I pity tables. Most of us demote them to the bottom of the data visualization food chain—all too often for the wrong reasons. This is unfortunate because tables could be—in some instances—better than graphs at presenting information.
Tables are best suited for looking up precise values, comparing individual values or presenting values involving multiple units of measure. Graphs, on the other hand, are better for detecting trends, anomalies or relations. In other words, graphs show the forest while tables show the trees.
But lets face it. Tables are badly criticized, insulted and condemned, not because they are inferior data display formats, but because they’re usually poorly constructed. The paragraphs that follow will illustrate techniques and approaches all directed at improving data presentation with tables—in the hope to bring back to tables the reputation they deserve among other modes of data visualization.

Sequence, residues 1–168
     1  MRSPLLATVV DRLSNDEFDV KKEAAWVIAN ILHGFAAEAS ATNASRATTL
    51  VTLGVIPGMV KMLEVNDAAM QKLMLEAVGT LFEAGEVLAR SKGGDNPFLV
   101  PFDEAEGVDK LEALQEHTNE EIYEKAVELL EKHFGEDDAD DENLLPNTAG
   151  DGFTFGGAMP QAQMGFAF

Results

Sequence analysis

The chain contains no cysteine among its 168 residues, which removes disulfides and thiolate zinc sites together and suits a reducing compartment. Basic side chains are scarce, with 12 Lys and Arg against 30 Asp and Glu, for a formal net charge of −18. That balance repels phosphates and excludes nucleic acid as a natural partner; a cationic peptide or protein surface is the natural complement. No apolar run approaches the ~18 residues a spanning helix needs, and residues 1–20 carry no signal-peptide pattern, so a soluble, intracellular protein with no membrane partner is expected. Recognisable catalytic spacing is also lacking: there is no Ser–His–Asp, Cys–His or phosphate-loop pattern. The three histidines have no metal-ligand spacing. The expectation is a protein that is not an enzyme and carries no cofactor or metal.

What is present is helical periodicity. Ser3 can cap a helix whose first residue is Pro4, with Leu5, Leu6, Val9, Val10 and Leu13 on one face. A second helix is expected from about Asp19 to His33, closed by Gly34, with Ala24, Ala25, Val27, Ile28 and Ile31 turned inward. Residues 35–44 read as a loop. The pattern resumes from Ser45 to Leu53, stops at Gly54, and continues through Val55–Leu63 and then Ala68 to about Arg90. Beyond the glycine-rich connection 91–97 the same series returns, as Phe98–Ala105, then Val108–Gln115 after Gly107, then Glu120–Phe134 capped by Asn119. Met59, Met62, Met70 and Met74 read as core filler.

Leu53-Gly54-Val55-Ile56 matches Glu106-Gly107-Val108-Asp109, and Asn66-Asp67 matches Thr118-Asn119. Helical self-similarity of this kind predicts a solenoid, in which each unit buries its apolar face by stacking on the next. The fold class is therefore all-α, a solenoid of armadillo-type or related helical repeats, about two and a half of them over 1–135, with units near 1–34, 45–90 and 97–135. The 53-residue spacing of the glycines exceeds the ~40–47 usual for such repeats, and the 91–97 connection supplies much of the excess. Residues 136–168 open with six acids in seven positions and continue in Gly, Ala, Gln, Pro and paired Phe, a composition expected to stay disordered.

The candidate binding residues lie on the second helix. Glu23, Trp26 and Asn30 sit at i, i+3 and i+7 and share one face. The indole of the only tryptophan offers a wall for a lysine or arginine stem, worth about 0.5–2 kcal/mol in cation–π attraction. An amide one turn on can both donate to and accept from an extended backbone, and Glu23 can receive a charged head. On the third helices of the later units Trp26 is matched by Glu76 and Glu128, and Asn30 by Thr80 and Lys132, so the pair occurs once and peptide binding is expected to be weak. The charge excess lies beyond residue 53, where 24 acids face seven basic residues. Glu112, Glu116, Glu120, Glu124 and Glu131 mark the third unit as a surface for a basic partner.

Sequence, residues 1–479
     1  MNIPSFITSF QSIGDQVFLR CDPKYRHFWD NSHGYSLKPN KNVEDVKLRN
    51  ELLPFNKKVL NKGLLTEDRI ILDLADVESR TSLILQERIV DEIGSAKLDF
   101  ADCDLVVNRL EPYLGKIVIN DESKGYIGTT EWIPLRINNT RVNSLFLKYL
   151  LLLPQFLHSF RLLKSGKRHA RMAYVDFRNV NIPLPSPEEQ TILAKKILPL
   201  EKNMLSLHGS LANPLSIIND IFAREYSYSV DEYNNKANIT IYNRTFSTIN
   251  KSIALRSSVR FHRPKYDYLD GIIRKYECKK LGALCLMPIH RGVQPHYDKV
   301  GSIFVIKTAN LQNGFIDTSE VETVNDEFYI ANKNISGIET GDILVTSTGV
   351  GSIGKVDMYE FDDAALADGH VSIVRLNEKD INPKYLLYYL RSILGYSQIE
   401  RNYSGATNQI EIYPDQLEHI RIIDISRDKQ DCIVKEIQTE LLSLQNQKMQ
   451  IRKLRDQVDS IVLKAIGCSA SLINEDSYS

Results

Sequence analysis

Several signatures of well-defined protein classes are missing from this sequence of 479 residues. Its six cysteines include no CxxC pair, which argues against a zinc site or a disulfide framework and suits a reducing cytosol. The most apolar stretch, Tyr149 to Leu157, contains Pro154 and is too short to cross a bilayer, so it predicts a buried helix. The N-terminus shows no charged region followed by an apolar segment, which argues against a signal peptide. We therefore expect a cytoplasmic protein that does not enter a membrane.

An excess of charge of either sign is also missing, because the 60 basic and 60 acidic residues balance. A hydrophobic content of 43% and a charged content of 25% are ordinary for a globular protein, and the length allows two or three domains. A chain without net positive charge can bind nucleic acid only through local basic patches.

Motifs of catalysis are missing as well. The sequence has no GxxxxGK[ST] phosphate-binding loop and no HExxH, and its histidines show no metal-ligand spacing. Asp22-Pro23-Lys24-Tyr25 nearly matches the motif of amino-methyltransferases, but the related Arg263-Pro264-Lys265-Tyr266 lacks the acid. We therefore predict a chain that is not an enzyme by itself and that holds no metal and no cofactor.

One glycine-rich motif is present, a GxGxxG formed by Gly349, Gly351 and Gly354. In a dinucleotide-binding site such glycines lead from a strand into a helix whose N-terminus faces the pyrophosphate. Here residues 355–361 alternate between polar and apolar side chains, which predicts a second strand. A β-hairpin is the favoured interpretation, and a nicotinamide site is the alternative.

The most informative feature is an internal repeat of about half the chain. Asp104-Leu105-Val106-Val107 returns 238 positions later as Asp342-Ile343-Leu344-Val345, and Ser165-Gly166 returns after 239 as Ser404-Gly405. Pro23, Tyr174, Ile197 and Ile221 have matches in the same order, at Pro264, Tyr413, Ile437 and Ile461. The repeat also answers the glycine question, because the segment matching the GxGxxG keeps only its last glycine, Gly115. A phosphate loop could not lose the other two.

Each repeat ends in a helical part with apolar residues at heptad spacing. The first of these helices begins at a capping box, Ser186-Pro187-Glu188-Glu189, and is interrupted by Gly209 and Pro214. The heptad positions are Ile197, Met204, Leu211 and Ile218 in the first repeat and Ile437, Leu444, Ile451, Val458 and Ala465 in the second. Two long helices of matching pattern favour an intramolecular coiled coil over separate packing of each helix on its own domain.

Let us look at a badly designed table, as in the heavily encoded example below. The table is based on data from Case Problems In Finance, 10th edition. However, the format is adjusted to reflect the quality of the tables that accompany business presentations or technical reports encountered in the real world. This table shows the amount of short-term credit provided to a multinational company by different banks. Some 286 numbers depict debt exposure of banks to two major types of subsidiaries for the multinational—Finance and manufacturing—and in different countries. It’s hard to see much in this table, beyond that the total amount of debt is around 1.4 bUSD. One needs to put some effort to figure out that CIBC has the highest exposure while Commerzbank is one of the least exposed. The table could clearly convey more than that—had its producer applied some rules or guidelines for table construction.